Having been a publisher, I guess I have learned something about what makes content effective. It’s easy to publish non-fiction content, but not so easy when you discover that users don’t find your content. It might be technology (I currently work in text analytics), or effective meeting of user requirements. It might even be that the text was written (or not written) clearly. But it is rarely, if ever, just one of those aspects.
I have a background in many aspects of structured digital content, from dictionaries and encyclopedias to content management systems. I work with publishers to provide strategic guidance and implementation for digital projects, including content enrichment, information architecture, information-based websites and content repositories. I have been a consultant since 2002, following some twenty years working across a wide range of publishing sectors, including academic (Cambridge University Press), educational (Pearson), trade (Dorling Kindersley, Random House), reference (Helicon Publishing, where I managed the team that created digital editions of several versions of The Hutchinson Encyclopedia), and professional (the IET, CABI, Building Research Establishment, The Stationery Office (TSO). In truth, there is some commonality between all these. Other clients comprise a wide range of information providers, including newsletter publishers (Electric Word) and magazine publishers (KHL). My perspective has been widened by also working with software companies producing content management software (CSW Group, Abacus E-Media). I have written an introductory book about content licensing (Content Licensing, 2009). I used to have a specific site about reference publishing, but in the end I found I could never draw an accurate line between reference, metadata, and findability.
Why the interest in reference publishing? I won’t go into how I organised all my books in alphabetical order at the age of nine. I started my publishing career in reference publishing – I was involved in early drafts of the Dorling Kindersley Children’s Encyclopedia, I edited EFL dictionaries for Longman (now Pearson), I took over The Hutchinson Encyclopedia in the last days of Hutchinson as an independent publisher, then while at Random House built it into a whole range of database-based reference titles for Helicon Publishing, including the first UK CD-ROM and online encyclopedias. But that was all ages ago!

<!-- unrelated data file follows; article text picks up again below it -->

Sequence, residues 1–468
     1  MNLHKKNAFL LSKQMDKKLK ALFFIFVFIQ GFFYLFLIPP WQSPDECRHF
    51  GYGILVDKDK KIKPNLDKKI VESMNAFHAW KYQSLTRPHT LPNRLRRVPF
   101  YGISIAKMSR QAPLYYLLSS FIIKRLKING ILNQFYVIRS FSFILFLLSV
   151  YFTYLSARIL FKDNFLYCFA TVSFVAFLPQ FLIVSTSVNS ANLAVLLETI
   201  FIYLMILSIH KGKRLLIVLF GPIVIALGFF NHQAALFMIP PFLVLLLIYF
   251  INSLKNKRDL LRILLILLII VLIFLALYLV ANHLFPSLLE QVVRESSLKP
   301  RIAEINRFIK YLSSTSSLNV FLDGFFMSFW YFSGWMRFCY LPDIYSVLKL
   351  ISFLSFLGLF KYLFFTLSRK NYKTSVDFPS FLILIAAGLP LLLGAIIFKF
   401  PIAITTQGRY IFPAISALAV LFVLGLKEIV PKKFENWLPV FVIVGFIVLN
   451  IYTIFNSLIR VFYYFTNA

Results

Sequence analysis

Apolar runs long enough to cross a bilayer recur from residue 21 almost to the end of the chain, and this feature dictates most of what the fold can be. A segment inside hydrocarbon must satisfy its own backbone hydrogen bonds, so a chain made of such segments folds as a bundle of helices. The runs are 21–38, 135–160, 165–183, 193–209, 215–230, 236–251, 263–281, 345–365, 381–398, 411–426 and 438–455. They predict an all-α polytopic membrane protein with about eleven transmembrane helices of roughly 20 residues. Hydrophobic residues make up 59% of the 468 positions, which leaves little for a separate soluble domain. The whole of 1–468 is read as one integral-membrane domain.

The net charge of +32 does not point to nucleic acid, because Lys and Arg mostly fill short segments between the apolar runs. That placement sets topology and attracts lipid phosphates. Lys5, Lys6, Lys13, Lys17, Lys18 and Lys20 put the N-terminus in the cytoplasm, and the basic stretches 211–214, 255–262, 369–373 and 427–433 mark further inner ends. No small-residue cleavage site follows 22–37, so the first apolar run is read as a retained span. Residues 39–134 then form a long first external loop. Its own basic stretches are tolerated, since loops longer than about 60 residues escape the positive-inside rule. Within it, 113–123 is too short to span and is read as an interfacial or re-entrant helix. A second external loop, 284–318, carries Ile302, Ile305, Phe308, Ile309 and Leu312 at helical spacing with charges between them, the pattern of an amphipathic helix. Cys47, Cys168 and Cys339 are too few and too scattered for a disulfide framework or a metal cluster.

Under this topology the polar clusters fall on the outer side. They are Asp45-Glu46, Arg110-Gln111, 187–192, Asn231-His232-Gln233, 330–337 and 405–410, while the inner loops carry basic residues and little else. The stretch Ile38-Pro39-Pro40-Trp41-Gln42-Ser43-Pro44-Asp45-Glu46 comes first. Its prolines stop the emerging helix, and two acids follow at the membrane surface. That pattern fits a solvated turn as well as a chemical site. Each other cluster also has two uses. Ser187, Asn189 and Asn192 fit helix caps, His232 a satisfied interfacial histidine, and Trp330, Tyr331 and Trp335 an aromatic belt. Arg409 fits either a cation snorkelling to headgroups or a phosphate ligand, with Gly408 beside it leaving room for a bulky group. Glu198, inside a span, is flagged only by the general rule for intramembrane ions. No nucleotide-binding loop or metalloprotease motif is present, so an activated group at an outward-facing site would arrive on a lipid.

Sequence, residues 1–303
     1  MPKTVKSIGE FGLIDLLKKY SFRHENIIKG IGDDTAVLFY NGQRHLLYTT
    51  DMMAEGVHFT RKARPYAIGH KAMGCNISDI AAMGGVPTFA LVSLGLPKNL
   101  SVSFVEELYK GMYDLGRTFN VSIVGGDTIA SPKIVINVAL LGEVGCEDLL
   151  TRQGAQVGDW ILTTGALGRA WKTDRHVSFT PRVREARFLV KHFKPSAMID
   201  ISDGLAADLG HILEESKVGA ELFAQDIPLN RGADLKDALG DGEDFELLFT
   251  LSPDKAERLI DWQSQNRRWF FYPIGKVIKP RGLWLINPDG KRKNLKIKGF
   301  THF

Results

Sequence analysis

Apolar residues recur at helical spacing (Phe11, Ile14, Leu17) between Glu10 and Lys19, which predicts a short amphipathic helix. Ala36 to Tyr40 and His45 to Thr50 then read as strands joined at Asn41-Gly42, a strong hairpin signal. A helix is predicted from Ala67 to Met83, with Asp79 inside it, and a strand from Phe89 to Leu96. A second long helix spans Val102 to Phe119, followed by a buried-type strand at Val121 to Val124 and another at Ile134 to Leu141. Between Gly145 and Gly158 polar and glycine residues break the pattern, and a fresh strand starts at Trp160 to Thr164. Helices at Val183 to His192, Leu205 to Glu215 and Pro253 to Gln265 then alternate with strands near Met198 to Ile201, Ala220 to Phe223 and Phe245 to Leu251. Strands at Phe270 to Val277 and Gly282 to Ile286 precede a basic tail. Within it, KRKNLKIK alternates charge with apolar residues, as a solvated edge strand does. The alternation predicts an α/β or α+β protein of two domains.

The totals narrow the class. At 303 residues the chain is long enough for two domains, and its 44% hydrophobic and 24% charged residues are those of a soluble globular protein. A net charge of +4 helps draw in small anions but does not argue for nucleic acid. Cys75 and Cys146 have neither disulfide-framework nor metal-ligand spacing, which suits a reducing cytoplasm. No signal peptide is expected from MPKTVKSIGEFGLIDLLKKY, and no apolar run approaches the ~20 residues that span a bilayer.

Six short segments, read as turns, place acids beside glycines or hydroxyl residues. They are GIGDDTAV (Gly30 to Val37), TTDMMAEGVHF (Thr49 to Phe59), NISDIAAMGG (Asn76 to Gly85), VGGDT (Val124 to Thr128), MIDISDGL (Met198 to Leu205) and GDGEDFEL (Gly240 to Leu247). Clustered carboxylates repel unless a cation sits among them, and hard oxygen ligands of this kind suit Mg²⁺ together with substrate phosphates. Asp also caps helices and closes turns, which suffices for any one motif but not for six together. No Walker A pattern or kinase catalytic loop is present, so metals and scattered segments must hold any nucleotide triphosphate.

Today I make my living in the area of text analytics, working with publishers to enhance their digital publishing, and sometimes (just sometimes) these projects touch on principles of information presentation and retrieval that are in fact the same principles used in reference publishing. And in any case, I retain a sentimental fondness for reference works. I still have the Enlightenment dream within me of making knowledge accessible, intelligible, and enjoyable – and not reserved for an elite. I’m probably a geek – I am enthusiastic about discovering a new (or old) reference work, print or digital, to see how well it solves an information problem. While I am an enthusiastic user of Wikipedia, I certainly don’t believe that Wikipedia represents a model of how to create a reference work, or that it should supersede the thousands of more specific subject reference works that preceded it (and will hopefully continue to be published).
I am a Member of the British Computer Society (MBCS) and a former Member of the Chartered Institute of Library and Information Professionals (MCLIP). For five years I was a committee member of the UK Electronic Information Group (UKeiG) and I edited their journal Elucidate; the spelling has improved since I left, but they seem to have forgiven me – I still write occasional articles for them.
If this blog isn’t enough for you, I also have a personal blog here.
Contact me at michael [at] ConsultMU.co.uk.